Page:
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Sundial

Pride Parade Accident, How Florida And California Handled COVID, & A Tough Housing Market

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CHRIS DAY
/
AP
One person is dead and another critically injured after a pickup drove into pedestrians at the Stonewall Pride Parade in Wilton Manors, Florida in Broward.

Tragedy strikes a South Florida Pride parade. Florida and California took radically different approaches to the coronavirus pandemic. More than a year into the pandemic, we examine their strategies and results. Plus, South Florida's hot housing market.

This post has been updated.

On this Monday, June 21, episode of Sundial

Pride Parade Accident

A man crashed his truck into a crowd of people at a pride parade in Wilton Manors this weekend.

One man was killed. And another was seriously injured. Police say the tragic incident was an accident.

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“Our local law enforcement agencies and the Federal Bureau of Investigation are to be commended for their diligent work investigating this incident that we now know was a tragic accident. Our community remains heartbroken for the innocent life lost and the gentleman who was injured,” said Wilton Manors Mayor Scott Newton in a statement, after declining to join Sundial.

Monday evening, authorities released the names of the individuals involved in the deadly accident at Wilton Manors Pride over the weekend. James Fahy from Fort Lauderdale was killed by a truck that accidentally drove into the Pride parade. Jerry Vroegh was injured and sent to the Broward Health Center but has been returned home. Gary Keating sustained minor injuries from the vehicle. The driver was identified as 77-year-old Fred Johnson Jr. from Oakland Park. All four were members of the Ft. Lauderdale Gay Men’s Choir.

Fort Lauderdale Mayor Dean Trantalis was at the scene Saturday. That same evening he called it “a terrorist attack against the LGBTQ community,” incorrectly stating that the incident wasn’t an accident.

He recanted that statement on Sunday acknowledging that he was mistaken.

“I think that people will be able to finish out the month, be able to celebrate the strides that the LGBTQ community has made, while also recognize the issues that are before us,” said Steve Rothaus, a longtime reporter and expert on South Florida's queer community. “Although this time it wasn't a terrorist attack, and probably never should have been said that it was in the first place, ... it is possible. Five years ago, 49 people were killed in the Pulse nightclub by a single person.”

Jason Parsley, the editor of South Florida Gay News also joined Sundial for this conversation.

Pride Parade Accident
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How Florida And California Handled COVID

California and Florida took radically different approaches to the pandemic.

Last week, California fully reopened for the first time since the start of COVID.

The state’s Democratic Gov. Gavin Newsom took a much more stringent approach than Florida’s Republican Gov. Ron DeSantis, who has allowed the state to be open since last year.

WLRN, with NPR member station KQED in San Francisco, documented the state’s differing strategies to dealing with COVID-19 — and the results are a two-part series that aired last week.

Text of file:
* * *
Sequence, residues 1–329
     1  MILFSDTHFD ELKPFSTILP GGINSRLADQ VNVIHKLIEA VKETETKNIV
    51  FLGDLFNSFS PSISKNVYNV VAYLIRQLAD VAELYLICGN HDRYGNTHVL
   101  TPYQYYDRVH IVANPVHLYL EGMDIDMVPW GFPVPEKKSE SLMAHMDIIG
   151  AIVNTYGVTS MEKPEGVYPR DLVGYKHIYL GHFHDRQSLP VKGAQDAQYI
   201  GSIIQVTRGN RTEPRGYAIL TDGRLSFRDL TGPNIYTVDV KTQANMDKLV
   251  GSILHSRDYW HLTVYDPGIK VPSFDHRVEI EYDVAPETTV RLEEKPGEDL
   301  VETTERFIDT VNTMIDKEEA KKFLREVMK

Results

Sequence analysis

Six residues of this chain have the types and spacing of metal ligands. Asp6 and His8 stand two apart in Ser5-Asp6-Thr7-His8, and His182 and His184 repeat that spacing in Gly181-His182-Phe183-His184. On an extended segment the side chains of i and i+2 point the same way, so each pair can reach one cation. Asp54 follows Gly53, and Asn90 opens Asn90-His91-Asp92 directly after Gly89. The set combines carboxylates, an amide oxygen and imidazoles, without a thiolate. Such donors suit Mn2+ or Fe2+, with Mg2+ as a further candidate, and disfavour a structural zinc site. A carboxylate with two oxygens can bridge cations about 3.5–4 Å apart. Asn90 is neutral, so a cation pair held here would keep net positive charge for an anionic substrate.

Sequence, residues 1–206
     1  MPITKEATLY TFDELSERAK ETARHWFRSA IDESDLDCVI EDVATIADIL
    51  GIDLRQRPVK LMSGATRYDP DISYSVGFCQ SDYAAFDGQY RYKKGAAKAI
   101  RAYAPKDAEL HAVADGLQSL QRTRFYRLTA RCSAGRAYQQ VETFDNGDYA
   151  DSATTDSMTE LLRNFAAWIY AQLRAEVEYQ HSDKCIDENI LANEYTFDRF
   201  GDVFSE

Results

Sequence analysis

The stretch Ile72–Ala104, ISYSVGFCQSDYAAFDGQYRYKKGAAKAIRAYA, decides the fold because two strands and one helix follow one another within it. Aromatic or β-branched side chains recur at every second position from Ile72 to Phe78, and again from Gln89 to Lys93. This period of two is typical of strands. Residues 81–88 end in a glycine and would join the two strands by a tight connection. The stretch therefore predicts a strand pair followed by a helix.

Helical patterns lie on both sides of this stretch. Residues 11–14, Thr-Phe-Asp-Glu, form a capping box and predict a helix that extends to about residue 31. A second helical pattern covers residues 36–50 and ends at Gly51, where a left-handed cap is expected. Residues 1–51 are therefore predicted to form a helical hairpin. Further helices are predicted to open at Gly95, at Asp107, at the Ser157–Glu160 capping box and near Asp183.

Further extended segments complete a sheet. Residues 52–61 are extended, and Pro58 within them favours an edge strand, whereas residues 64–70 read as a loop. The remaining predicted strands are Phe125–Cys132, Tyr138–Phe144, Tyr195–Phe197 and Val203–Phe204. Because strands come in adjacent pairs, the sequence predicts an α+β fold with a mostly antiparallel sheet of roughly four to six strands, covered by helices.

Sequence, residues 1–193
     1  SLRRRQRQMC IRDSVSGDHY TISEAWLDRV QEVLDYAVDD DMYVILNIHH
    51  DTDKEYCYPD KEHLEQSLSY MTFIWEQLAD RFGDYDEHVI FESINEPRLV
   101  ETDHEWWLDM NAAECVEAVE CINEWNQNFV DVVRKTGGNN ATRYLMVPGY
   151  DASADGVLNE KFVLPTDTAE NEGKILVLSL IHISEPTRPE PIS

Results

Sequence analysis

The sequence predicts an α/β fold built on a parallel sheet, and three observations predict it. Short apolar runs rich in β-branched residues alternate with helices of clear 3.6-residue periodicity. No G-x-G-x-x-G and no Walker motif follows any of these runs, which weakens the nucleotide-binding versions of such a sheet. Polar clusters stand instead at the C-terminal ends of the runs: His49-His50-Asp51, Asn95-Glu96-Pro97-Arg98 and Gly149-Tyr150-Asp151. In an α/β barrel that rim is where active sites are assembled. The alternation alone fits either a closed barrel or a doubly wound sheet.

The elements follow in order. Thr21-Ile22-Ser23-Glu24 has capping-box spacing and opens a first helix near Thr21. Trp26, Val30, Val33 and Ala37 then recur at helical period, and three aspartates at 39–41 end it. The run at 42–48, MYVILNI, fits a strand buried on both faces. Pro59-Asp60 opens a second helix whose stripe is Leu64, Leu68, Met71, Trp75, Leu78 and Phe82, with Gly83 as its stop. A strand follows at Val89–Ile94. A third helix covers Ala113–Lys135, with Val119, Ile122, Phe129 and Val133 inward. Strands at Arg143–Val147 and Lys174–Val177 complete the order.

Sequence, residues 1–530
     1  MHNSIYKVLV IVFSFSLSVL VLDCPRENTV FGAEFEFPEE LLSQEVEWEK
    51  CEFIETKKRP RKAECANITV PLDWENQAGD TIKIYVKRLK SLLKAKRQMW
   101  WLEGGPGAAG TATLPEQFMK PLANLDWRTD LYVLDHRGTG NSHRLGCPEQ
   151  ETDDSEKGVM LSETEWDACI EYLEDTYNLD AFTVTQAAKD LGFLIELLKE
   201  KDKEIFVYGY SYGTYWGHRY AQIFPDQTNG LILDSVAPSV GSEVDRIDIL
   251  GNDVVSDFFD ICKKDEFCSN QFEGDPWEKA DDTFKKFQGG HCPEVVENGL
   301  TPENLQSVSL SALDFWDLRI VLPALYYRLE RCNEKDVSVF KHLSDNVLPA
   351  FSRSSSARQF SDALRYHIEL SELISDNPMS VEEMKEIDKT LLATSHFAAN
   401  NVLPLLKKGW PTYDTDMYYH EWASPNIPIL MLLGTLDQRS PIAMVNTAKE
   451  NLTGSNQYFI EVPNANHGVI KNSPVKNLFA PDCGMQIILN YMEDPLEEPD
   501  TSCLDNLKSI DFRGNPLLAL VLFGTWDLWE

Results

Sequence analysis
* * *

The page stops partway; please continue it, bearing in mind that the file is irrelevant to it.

KQED political correspondent Marisa Lagos joined WLRN’s Caitie Switalski Muñoz on Sundial to discuss their reporting.

How Florida And California Handled COVID
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A Tough Housing Market

The housing market is exploding in South Florida.

Houses in Miami-Dade County, Fort Lauderdale and West Palm Beach are expected to rise 10% in value over the next year, according to Zillow. And that’s after rising nearly the same percentage already this past year.

“Developers are focusing on the higher end or the luxury simply because that's where margins are higher. That is the incentive for them,” said Eli Berrecha, director of the Hollo School of Real Estate at Florida International University. “And that's exacerbated the problem of the affordable housing units.”

At a time when housing affordability was already difficult for millions living here, the market has gotten even tighter.

“The human cost is very high,” said Annie Lord, the director of Miami Homes for All. “We are going to see a much greater number of evictions move forward and be processed and enforced. And really, it's coming at a time when it's really not quite matched perfectly with the financial assistance that is flowing through the county and through several of our cities from the federal government, and that funding for rental assistance to help people pay back their landlords if they're in arrears or even to help pay forward, it's that money is still kind of getting out the door.”

She added that the eviction moratorium shouldn’t be lifted this month so that there would be more time for households to receive the assistance they need.

A Tough Housing Market
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This post was updated to include new information on the victims and the driver of the vehicle in the Pride parade accident.

Leslie Ovalle produces WLRN's daily magazine program, Sundial. She previously produced Morning Edition newscasts at WLRN and anchored the midday news. As a multimedia producer, she also works on visual and digital storytelling.